Victoria Man Gets Significant Sentence for Hate Crime in Burning of Local Mosque
HOUSTON - The 26-year-old man convicted of burning the Victoria Islamic Center in January 2017 has been ordered to federal prison for more than 24 years.
U.S. Attorney Ryan Patrick for the Southern District of Texas, Acting Assistant Attorney General John Gore of the Justice Department’s Civil Rights Division, Special Agent in Charge Fred Milanowski of the Bureau of Alcohol, Tobacco, Firearms and Explosives (ATF) and Special Agent in Charge Perrye K. Turner of the FBI made the announcement.
A federal jury in Victoria returned guilty verdicts July 16, 2018, on all counts as charged against Marq Vincent Perez. They found him responsible for a hate crime in the burning of the Jan. 28, 2017, and for use of a fire to commit a felony. In addition, they found he possessed an unregistered destructive device for an incident that occurred on Jan. 15, 2017.
Today, Senior U.S. District Judge John Rainey noted the seriousness of the offense before imposing a 294-month-term of imprisonment. In handing down the sentence, the court noted that the most important factor in determining punishment was adequate deterrence, stating that “this conduct would not be tolerated in our society.”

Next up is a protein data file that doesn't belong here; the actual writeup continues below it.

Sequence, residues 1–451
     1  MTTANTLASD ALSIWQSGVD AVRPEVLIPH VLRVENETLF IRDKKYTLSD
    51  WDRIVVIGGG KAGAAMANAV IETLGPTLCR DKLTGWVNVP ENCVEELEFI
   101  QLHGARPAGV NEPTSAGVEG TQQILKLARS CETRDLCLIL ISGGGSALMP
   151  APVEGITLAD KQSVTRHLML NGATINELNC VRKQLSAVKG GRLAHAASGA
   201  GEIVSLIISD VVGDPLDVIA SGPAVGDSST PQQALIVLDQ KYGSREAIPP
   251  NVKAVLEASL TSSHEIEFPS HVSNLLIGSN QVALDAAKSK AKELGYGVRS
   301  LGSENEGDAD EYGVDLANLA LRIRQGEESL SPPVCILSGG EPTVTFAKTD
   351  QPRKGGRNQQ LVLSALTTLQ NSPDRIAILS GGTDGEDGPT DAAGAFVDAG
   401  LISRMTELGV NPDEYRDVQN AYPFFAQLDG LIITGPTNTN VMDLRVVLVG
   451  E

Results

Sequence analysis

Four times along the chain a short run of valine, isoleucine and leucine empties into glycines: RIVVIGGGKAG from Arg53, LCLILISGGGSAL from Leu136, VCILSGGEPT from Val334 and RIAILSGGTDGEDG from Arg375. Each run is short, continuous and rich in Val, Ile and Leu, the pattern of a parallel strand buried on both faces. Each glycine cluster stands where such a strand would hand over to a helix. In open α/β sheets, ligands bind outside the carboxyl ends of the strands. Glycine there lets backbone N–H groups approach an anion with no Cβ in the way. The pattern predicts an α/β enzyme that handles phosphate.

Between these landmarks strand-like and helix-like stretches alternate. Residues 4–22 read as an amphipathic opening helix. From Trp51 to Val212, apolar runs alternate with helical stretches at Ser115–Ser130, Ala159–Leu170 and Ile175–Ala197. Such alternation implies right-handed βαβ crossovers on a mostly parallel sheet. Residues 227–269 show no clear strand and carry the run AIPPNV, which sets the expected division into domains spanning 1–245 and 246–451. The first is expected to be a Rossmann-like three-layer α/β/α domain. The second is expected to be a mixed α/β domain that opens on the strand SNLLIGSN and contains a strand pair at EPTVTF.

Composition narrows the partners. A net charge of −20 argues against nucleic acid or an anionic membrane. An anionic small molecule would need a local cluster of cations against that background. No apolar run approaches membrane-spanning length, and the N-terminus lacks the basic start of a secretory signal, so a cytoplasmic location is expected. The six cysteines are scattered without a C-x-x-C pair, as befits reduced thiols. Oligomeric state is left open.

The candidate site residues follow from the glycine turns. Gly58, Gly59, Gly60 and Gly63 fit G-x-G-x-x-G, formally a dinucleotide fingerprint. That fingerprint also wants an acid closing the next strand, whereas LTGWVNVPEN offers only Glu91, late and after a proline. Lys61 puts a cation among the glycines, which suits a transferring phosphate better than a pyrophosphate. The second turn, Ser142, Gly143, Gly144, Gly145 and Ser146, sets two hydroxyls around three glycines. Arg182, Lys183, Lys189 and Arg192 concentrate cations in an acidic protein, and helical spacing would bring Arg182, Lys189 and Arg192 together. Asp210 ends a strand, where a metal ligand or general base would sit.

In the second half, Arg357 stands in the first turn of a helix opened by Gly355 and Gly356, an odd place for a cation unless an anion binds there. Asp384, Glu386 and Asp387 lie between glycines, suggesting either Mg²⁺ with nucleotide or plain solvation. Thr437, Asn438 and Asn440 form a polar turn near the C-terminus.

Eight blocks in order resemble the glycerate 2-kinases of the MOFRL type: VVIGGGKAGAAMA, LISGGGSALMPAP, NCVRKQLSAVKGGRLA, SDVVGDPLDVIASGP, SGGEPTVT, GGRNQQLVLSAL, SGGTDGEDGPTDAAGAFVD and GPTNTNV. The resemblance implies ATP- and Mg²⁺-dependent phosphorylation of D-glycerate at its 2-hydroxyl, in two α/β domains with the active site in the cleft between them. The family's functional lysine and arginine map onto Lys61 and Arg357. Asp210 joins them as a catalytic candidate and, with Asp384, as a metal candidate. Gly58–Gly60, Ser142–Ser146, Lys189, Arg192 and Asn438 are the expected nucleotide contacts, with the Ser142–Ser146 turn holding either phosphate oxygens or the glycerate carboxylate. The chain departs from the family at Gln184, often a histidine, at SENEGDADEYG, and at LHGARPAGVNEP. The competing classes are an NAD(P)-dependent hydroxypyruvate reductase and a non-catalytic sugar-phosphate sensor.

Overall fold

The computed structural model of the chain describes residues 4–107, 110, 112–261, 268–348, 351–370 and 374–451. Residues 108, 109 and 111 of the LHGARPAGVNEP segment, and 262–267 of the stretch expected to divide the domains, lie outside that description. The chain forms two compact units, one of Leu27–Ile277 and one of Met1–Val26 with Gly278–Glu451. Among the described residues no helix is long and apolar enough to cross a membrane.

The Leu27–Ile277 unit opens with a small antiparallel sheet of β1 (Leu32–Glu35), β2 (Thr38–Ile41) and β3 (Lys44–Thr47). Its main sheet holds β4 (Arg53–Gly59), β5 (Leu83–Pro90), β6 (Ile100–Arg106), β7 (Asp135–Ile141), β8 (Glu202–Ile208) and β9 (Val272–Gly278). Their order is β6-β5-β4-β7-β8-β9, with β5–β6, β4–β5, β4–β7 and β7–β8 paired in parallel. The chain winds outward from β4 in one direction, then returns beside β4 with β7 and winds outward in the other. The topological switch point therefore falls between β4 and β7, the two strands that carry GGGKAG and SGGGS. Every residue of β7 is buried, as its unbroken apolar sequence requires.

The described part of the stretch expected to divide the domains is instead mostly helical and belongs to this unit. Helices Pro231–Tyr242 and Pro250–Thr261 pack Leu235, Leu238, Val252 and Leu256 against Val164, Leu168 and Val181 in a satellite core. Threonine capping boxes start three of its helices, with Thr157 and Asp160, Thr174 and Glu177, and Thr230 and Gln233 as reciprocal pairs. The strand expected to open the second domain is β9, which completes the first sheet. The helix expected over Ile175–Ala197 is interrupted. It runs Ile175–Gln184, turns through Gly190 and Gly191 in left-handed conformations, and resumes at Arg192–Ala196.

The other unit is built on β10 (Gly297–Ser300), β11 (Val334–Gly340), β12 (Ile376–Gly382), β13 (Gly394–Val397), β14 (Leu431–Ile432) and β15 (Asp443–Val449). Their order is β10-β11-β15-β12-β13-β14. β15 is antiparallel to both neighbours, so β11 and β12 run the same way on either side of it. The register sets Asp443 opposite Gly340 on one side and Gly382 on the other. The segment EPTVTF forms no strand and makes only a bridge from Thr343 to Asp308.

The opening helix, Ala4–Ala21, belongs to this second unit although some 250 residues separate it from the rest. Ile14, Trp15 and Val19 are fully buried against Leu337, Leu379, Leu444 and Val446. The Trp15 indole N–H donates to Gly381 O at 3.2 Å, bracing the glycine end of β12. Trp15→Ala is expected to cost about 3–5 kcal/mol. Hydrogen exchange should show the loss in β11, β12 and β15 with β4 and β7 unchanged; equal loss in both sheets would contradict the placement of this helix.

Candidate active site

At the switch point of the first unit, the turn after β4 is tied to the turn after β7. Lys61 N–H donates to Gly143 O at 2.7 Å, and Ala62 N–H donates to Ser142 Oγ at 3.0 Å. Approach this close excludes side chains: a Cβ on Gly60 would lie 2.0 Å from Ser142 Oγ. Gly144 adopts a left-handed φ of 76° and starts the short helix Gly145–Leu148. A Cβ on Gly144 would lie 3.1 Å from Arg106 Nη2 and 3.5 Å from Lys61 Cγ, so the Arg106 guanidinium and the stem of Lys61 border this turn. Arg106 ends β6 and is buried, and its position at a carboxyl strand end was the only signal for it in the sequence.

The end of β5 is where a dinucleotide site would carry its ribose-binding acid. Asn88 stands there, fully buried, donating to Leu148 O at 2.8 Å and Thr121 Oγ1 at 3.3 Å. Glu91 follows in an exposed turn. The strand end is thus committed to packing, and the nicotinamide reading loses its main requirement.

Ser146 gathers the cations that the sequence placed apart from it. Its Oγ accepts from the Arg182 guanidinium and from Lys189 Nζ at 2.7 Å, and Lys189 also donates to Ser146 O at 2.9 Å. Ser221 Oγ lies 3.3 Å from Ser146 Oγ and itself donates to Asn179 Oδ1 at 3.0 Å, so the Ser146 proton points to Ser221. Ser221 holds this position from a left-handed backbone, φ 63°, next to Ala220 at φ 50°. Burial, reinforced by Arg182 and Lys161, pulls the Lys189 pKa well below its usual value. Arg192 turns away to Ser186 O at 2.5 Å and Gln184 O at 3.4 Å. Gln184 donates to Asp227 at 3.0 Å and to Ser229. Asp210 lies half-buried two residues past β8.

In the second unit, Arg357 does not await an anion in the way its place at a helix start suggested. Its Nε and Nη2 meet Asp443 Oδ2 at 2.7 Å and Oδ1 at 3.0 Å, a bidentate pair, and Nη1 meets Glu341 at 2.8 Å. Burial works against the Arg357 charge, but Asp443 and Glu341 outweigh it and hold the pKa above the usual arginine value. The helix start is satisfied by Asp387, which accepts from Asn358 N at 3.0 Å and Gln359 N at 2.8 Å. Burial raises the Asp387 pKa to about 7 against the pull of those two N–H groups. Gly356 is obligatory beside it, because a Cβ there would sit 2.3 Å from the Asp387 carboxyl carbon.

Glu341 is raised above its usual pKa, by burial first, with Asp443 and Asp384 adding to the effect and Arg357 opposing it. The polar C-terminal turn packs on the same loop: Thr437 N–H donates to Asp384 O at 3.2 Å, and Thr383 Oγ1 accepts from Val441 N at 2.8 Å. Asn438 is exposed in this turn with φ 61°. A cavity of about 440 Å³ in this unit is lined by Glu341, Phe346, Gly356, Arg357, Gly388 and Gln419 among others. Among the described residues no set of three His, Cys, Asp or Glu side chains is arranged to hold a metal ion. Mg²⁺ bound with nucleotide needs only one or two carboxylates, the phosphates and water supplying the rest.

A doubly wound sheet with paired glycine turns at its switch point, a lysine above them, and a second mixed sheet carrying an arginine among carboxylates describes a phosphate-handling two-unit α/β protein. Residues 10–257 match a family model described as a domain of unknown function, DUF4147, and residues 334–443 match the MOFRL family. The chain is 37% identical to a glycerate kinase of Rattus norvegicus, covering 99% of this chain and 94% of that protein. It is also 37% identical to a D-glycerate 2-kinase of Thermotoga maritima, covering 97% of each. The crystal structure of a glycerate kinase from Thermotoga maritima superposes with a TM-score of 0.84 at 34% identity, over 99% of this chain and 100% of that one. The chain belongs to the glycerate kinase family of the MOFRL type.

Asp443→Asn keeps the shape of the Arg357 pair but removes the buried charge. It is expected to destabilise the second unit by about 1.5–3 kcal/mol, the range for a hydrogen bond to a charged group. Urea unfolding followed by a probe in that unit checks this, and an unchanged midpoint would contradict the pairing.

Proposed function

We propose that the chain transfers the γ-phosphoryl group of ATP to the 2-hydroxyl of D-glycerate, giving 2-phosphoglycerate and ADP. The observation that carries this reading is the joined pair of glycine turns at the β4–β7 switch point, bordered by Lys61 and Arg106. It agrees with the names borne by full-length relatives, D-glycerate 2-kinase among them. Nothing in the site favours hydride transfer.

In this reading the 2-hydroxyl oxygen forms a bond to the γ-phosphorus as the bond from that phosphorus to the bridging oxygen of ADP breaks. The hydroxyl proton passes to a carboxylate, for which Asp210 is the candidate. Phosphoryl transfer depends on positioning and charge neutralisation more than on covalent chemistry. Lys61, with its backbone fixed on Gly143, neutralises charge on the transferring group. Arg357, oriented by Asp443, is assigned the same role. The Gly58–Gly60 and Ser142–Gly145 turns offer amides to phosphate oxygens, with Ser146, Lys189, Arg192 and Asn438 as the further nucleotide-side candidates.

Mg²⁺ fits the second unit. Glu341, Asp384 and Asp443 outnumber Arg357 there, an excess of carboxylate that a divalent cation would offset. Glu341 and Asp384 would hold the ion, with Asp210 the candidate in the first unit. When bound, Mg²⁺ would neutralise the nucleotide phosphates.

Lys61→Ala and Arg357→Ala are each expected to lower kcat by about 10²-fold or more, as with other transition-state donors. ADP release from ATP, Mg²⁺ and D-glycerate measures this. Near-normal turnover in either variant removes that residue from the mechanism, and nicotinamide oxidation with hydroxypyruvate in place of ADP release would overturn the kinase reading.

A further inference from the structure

Judge Rainey also commented on hate crimes and how they are “a cancer to our society” and that “this must stop.” The Judge also noted that Perez wanted to send a message to the Muslim community, but the court was also sending a message to Perez and others like him.
At the hearing, three members of the mosque also provided testimony detailing the impact the crime has had on them, their families and the community. They noted that people are still frightened to this day, noting that some of the female members do not even wear the traditional head coverings in public. Some members cannot even bring themselves to return because of their fears.